Getting Started with the Ossila Solar Cell I-V Test System
Current-Voltage Measurements (I-V curves)
Current-voltage measurements (I-V curves) are the primary measurement for characterizing solar cells. Here, the current flowing through the device is measured at different voltages whilst it is under illumination. There are several key properties that can be extracted from the I-V curve of a solar.
The short-circuit current density (Jsc) is the photogenerated current density of the solar cell when there is no driving voltage, and can be extracted from the intercept with the y-axis.
The open-circuit voltage (Voc) is the voltage at which the applied voltage cancels out the built-in electric field, and can be extracted from the intercept with the x-axis.
The fill factor (FF) is the ratio of the actual output power of the device to its power if there were no parasitic resistances. This can be calculated by dividing the maximum power output of the device by the product of the Jsc and the Voc (the potential maximum power).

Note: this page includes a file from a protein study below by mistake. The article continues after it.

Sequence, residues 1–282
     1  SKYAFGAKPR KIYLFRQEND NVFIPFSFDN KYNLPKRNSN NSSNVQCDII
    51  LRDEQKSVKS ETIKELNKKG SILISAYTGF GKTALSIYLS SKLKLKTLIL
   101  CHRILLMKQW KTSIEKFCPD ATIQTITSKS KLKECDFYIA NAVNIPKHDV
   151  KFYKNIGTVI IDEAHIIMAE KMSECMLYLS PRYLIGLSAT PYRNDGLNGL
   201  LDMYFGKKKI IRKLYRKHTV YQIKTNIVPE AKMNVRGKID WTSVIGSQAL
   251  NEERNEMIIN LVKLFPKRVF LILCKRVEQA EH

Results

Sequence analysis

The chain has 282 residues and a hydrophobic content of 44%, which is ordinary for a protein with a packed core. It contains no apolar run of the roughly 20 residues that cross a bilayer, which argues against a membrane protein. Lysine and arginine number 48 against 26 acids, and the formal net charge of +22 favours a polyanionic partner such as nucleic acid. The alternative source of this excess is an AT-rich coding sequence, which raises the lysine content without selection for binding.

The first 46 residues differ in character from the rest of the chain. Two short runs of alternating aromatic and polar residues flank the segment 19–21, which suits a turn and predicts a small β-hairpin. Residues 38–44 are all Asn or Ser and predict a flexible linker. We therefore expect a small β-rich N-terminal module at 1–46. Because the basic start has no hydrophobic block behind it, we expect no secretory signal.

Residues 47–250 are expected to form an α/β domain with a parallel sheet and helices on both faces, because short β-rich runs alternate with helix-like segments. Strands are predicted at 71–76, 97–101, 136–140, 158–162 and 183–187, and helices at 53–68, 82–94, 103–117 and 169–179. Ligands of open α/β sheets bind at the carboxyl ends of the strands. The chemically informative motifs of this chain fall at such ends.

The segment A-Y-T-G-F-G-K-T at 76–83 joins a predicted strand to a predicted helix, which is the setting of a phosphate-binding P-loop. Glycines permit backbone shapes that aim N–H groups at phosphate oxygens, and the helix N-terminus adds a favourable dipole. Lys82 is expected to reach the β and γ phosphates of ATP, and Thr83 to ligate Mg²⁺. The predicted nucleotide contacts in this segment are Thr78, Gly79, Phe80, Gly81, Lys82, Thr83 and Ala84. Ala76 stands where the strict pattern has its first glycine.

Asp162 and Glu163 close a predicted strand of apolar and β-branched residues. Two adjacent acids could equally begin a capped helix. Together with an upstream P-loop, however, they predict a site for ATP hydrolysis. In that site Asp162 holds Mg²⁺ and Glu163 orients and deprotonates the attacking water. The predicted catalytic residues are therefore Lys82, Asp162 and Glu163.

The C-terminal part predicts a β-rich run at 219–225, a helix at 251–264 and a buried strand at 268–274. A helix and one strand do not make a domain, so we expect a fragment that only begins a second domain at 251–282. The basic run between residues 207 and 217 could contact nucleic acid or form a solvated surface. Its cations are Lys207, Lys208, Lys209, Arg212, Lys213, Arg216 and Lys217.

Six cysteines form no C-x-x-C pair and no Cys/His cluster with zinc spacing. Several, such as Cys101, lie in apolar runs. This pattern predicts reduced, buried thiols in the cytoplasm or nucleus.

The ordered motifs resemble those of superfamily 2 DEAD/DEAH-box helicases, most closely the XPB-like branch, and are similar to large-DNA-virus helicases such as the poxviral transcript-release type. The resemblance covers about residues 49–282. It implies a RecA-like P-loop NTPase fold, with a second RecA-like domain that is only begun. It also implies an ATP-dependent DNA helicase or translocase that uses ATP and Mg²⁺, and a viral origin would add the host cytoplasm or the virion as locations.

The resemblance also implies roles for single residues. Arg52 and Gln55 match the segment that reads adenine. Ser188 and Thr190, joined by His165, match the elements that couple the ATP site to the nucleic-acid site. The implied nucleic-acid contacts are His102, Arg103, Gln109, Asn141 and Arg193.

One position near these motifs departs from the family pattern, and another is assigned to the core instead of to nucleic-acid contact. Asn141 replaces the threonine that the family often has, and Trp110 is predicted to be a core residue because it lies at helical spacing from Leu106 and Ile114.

Finally, the power conversion efficiency (PCE), the ratio of incident light power (Pin) to output electrical power (Pout), can be calculated.
For a more in-depth explanation about the characterization of solar cells, see our guide on solar cell theory and measurement.
Power Conversion Efficiency (PCE) Equation
The Power Conversion Efficiency (PCE) of a solar cell can be calculated from the ratio of incident light power (Pin) to output electrical power (Pout) using the following equation:
Here, as above, Jsc is the short-circuit current density, Voc is the open-circuit voltage, and FF is the fill factor.